There's a shark to catch

There's a shark to catch

The rolling, unsteady deck doesn't seem to bother the scientist, standing there at the edge of the ship's outer deck.

Behind him, students who haven't found their sea legs stumble every which way, but he remains focused on the fishing line that plunges into the depths. His eyes scan back and forth, back and forth, then suddenly, pause.

"There's a shark on the line," Jack Morris says, and the marine biologist's words and pointed finger set off a cheer and a scramble to action.

There's a shark to catch.

Researchers and students from the New College of Florida, Eckerd College and Mote Marine Laboratory spent a week aboard the Florida Institute of Oceanography's research vessel, the R/V Bellows, catching, tagging and releasing a variety of shark species along the coast of Florida. Funded by the FIO's state-funded ship time grant, the trip gave students a rare opportunity to participate in every aspect of research, including baiting lines, recording data and even hauling in sharks.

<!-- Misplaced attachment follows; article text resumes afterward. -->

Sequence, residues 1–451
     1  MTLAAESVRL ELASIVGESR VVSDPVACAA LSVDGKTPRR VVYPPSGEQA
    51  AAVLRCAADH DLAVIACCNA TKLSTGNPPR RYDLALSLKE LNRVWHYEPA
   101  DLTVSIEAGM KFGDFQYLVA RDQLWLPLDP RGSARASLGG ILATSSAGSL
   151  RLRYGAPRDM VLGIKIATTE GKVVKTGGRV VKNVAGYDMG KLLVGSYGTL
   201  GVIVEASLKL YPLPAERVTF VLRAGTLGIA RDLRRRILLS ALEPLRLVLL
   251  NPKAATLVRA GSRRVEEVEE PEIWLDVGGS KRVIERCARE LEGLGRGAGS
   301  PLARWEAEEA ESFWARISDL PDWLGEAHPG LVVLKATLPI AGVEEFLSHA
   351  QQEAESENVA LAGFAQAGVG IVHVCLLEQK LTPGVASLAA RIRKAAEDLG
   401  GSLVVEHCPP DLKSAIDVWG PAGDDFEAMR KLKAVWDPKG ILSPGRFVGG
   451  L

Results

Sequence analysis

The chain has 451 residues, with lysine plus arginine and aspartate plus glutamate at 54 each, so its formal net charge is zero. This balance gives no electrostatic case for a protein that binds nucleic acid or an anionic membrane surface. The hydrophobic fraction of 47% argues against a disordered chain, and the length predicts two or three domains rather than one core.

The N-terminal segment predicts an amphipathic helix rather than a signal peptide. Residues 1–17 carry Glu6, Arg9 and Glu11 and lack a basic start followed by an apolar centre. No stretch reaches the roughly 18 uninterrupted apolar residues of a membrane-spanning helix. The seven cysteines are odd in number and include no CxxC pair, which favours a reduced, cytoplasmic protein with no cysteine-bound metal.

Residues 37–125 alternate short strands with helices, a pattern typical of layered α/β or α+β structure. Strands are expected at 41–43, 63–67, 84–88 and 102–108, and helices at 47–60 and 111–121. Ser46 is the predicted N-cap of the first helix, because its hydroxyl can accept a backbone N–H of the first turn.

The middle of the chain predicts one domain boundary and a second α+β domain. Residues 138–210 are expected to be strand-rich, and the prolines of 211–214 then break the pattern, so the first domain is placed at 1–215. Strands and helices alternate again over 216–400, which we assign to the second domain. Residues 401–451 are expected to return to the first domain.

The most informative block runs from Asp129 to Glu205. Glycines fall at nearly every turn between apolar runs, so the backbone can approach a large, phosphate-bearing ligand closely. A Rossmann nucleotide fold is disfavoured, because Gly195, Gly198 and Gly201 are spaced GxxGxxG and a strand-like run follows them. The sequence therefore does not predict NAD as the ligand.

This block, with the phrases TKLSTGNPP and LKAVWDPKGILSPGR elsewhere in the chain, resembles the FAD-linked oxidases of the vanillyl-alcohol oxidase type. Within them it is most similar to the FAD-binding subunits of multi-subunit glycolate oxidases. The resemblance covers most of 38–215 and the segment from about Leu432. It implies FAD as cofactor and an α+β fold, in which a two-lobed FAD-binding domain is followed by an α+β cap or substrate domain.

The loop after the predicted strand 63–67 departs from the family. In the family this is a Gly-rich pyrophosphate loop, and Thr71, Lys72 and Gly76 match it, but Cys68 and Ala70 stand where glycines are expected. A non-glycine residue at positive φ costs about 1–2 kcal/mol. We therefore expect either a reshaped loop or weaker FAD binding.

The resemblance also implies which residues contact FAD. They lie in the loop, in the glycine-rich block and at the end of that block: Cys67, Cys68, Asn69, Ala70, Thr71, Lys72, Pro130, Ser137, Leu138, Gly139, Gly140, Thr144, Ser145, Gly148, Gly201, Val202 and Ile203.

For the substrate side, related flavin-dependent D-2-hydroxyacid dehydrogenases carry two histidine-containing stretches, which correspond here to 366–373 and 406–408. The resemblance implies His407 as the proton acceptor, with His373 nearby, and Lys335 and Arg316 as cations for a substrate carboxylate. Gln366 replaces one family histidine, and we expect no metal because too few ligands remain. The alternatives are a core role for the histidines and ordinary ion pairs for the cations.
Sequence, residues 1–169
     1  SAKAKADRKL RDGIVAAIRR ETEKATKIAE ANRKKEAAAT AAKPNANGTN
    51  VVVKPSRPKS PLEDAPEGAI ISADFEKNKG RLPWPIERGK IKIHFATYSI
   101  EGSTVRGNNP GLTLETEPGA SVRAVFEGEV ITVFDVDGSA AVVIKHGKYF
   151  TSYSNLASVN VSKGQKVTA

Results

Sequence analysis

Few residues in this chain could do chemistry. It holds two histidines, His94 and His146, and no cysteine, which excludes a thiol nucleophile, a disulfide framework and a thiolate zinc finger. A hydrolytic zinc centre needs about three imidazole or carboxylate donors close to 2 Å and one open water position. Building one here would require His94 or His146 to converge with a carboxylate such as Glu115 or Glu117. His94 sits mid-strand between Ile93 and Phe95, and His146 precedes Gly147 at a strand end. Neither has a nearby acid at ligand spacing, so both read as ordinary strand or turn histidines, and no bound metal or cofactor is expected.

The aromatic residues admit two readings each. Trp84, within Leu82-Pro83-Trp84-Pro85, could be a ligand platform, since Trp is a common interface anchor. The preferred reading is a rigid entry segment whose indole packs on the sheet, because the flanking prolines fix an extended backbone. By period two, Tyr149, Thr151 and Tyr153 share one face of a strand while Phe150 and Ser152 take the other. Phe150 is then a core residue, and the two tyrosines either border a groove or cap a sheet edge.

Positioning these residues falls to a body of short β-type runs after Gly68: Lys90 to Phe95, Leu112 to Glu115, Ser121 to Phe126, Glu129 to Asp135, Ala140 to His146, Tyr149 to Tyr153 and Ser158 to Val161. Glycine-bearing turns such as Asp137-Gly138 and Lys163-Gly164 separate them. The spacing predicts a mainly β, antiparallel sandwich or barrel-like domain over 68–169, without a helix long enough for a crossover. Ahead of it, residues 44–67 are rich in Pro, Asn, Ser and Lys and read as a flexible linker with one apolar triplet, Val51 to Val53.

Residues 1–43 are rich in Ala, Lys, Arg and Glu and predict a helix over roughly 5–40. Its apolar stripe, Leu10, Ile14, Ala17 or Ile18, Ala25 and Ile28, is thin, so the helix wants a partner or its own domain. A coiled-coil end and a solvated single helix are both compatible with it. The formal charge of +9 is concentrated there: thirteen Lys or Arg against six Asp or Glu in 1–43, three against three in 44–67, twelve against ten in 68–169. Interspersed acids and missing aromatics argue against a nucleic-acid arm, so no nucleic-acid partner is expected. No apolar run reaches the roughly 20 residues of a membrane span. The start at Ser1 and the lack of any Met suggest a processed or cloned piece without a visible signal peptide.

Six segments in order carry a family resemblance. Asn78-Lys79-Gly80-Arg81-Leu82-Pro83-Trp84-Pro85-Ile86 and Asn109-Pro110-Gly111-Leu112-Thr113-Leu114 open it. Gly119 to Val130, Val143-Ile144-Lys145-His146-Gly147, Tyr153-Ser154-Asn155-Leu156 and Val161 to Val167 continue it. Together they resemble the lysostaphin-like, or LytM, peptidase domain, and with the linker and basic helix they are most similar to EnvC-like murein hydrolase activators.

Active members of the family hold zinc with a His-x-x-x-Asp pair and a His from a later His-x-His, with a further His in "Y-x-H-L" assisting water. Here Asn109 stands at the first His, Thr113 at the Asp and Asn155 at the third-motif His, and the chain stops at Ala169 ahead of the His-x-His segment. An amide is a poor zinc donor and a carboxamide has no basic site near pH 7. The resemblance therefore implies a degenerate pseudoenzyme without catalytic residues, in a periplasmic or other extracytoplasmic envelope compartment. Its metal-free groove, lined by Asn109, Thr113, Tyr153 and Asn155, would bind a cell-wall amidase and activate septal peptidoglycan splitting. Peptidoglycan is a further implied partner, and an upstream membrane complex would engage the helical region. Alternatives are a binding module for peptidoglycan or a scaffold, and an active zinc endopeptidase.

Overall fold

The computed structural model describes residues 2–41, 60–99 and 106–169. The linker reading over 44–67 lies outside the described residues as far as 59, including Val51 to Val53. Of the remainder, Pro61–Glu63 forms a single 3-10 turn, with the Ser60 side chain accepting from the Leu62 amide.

Morris, senior biologist at the Mote Marine Laboratory, said the trackers fitted on the sharks would help efforts to study their coastal population and movements. "The work we're doing here lends itself to our conservation efforts," Morris said. "Without knowing the population size of the species we're dealing with, it's really impossible to truly conserve the species in general."